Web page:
chapter  14
Private autonomy and public morality in sporting practices
ByTerence J.Roberts
Pages 16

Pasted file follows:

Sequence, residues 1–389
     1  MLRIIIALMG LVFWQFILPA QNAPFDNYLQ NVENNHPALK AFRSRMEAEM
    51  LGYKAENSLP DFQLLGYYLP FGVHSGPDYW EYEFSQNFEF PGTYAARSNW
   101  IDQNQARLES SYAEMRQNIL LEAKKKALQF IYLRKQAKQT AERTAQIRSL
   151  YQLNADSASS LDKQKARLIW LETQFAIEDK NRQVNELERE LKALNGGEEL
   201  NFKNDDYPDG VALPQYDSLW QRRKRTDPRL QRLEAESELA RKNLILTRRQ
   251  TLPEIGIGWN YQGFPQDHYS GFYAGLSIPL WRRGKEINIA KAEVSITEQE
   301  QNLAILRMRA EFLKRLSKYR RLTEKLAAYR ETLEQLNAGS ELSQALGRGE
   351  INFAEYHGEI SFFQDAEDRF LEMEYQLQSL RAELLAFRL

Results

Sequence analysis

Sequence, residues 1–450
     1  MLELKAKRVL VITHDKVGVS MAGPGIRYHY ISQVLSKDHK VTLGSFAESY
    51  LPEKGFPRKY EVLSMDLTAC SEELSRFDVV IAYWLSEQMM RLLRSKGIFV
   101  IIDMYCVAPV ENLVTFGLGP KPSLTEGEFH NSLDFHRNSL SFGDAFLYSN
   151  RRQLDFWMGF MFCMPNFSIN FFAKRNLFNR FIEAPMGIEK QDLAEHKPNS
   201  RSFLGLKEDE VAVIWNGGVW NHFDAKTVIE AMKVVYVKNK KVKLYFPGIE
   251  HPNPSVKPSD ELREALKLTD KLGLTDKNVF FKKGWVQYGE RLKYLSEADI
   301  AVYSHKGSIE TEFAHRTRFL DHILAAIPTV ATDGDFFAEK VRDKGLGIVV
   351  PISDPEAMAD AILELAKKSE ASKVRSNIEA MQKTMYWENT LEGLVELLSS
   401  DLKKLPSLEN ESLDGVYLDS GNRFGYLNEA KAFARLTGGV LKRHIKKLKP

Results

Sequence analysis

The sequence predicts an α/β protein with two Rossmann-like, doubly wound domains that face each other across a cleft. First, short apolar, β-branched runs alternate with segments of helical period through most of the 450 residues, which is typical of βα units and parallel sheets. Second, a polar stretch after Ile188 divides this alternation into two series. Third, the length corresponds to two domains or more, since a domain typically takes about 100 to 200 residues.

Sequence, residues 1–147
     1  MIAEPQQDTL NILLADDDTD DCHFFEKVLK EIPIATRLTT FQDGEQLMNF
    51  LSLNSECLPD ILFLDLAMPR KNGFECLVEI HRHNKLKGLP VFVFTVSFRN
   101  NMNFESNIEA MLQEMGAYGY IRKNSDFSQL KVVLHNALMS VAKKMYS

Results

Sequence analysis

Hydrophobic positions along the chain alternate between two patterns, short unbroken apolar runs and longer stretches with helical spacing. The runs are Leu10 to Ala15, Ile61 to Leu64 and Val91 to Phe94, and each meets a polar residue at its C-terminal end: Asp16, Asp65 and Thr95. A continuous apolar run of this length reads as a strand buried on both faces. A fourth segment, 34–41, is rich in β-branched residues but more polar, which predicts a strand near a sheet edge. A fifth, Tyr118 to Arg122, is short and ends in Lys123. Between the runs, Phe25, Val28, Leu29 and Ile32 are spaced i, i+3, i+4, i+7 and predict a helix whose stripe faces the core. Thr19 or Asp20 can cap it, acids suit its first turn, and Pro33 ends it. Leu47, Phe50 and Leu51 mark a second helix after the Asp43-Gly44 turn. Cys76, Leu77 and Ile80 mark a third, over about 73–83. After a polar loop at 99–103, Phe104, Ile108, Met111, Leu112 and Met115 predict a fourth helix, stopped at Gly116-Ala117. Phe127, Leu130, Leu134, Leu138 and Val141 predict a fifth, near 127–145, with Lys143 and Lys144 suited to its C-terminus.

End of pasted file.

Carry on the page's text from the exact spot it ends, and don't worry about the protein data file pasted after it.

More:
Having satisfied himself finally that neither Rome nor Gluteus had anything to gain from Maximus’s divine contemplation, Salvatorius was confident that he could now rationally draw the line and enforce the public priority of saving civilization over the pursuit of private perfection. Unfortunately for Rome, however, the philosophy department in which he was studying was neither anti-foundationalist nor pragmatic. Had it been he would have realized that his philosophical quest was no less private than his private’s contemplation. But more importantly, he would have realized that his and his private’s public duty to save civilization had priority over and rested upon neither God nor Reason. Alas, it was too late! Both he and his private diddled while Rome fell.